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GE: There is a new NEC which I will distinguish from the former by calling the version that Doug ran as “The historic NEC” and the current incarnation as “The New NEC.” How do you view the difference?

PCH:  Well, the current NEC, the NEC of let’s say the past five years or so strikes me as a club. It’s sort of clubby. They’re not producing serious work. The call themselves “The Alumni of the NEC”, the people who are involved…And there have been attempts in the last ten years to revive the NEC in what we’re now calling the Historical NEC that had a particular kind of mission. That mission was develop new work and to establish a highly professional presence on the American Theatre scene. That presence has not happened since the Doug Ward period of the NEC. They’ve fallen away from prominence. The new NEC is only connected to the old version by name. To me it’s a kind of clubby situation not necessarily with bad intentions. I think its intentions are locked down in a situation or mode of not just survival but revival of what it had been. But in order to do that you must have the underpinning of strong leadership and guidance. And a real sense of mission and purpose other than simply doing a show or being part of a play.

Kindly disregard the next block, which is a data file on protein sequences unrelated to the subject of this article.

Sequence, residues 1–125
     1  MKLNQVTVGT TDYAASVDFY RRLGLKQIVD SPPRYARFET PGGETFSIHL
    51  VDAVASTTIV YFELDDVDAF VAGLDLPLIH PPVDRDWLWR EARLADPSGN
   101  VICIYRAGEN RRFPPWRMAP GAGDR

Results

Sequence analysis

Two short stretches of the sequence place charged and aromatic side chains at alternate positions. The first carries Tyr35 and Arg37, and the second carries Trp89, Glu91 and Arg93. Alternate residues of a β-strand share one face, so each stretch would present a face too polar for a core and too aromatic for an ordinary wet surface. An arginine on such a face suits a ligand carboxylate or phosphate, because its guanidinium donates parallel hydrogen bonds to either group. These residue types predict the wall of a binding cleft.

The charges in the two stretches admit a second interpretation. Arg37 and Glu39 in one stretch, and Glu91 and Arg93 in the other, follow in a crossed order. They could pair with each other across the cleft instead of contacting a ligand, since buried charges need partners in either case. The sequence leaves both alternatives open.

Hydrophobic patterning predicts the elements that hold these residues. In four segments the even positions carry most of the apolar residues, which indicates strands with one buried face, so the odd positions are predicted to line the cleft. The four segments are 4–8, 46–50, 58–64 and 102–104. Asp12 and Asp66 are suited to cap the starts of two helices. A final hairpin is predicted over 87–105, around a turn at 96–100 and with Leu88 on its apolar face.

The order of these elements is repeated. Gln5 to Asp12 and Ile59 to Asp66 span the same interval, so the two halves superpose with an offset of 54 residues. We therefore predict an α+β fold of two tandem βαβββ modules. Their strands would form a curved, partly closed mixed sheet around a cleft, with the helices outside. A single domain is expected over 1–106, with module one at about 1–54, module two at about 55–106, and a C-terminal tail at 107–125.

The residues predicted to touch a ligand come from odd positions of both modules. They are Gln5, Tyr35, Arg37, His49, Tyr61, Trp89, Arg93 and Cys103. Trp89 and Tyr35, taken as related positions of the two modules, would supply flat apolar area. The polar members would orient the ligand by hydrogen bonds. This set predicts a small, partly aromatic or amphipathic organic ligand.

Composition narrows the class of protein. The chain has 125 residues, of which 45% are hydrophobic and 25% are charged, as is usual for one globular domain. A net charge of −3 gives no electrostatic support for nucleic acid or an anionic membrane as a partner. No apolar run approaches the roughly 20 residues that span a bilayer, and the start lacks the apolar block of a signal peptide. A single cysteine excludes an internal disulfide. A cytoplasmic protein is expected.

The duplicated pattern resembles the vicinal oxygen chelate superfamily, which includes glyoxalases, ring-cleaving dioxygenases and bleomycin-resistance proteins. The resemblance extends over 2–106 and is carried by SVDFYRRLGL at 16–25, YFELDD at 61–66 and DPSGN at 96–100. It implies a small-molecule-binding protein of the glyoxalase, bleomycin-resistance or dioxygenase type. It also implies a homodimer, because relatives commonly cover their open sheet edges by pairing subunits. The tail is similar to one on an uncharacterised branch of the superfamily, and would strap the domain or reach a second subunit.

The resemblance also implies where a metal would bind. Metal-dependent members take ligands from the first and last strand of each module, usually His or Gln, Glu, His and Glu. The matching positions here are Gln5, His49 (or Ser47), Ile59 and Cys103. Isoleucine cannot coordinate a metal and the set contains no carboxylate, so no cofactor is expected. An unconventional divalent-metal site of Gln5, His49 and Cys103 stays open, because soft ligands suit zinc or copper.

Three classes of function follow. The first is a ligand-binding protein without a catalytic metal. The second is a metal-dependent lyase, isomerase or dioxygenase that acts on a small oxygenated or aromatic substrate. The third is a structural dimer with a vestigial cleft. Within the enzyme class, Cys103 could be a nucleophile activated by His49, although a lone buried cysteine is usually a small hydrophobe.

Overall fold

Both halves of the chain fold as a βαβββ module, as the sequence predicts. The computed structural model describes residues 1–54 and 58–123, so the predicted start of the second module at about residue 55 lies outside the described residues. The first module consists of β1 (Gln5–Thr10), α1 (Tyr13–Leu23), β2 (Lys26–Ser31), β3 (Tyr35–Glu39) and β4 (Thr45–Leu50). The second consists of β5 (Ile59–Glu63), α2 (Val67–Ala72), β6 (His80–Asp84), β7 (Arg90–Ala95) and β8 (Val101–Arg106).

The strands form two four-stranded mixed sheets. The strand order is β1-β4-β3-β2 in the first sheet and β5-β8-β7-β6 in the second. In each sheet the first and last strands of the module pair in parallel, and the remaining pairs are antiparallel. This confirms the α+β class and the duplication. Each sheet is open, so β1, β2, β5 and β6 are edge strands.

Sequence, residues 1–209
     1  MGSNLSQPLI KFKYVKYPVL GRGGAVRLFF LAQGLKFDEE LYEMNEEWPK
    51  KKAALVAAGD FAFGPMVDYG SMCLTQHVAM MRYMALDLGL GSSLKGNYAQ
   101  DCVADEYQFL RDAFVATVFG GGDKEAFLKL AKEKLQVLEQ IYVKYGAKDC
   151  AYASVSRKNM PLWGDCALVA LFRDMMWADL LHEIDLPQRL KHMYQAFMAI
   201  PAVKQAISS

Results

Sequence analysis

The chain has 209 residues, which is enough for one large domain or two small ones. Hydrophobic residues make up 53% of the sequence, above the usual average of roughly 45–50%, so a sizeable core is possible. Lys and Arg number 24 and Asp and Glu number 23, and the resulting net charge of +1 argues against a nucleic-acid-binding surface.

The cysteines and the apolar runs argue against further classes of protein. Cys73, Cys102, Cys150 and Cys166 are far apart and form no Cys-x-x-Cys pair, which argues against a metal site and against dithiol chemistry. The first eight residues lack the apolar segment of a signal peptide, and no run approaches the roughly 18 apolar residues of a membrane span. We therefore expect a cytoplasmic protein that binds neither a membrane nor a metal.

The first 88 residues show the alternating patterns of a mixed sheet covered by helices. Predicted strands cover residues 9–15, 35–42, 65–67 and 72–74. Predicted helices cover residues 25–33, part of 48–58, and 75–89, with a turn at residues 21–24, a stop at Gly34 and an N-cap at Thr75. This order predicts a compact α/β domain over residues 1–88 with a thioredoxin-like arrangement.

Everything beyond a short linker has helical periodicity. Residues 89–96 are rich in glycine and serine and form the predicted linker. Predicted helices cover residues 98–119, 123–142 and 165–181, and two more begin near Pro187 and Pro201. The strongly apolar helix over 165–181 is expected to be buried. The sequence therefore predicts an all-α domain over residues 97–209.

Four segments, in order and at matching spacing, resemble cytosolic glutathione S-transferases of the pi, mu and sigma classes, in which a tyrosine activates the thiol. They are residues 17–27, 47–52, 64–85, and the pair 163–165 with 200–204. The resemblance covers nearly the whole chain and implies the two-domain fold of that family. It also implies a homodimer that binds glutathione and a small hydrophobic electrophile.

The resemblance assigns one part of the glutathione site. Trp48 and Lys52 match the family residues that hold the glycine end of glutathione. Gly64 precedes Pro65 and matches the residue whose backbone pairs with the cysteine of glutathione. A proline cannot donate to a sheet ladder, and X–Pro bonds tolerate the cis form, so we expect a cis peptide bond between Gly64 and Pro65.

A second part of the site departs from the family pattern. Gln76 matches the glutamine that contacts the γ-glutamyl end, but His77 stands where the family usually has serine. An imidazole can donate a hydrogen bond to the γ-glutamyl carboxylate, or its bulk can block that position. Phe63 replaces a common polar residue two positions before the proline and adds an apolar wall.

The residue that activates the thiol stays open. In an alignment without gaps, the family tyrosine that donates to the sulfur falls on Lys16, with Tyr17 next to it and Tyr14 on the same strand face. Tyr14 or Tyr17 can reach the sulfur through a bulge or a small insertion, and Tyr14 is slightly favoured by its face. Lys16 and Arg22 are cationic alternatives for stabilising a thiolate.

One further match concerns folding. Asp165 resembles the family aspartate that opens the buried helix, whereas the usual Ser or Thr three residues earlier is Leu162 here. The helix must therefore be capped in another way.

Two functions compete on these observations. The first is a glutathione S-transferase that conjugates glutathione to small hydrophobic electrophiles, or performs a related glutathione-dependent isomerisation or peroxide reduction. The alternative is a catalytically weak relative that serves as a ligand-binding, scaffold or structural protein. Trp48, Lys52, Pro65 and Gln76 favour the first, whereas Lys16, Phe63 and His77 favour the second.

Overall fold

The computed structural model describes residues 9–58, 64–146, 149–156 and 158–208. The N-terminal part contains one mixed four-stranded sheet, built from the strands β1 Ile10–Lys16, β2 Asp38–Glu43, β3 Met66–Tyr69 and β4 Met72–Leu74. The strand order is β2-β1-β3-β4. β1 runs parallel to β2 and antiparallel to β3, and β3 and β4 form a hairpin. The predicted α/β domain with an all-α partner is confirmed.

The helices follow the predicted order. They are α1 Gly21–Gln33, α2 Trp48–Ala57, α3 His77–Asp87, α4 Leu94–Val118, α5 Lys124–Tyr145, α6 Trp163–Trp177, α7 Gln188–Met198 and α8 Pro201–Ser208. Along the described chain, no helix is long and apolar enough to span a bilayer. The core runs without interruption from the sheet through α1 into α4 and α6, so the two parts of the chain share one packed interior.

Now interestingly enough I might be getting involved with them. I wanted to commit one of my works to this new inauguration of the old company just by way of maybe reviving or giving them a sense of legitimacy. When I mentioned that to one of the prominent people of the historical NEC this question was asked; “Why would you want to revive that?”…Now it might be naive of me to see that happen. To see them recover and revive the professional values that Doug Ward had put forth in the works the company had been doing 20 years ago. We’ll see. But I do believe that that there’s a distinct difference between what had been done , the purpose for doing it and the outcome in terms of serving the careers of so many black actors, writers, directors and other theatre personnel. It brought so many of them into the professional theatre, filmmaking and television as we know. So it had a function and did it, which is what this new organization doesn’t seem able to do. Still we’re going to try with my play The Great Mc Daddy and see where that takes us.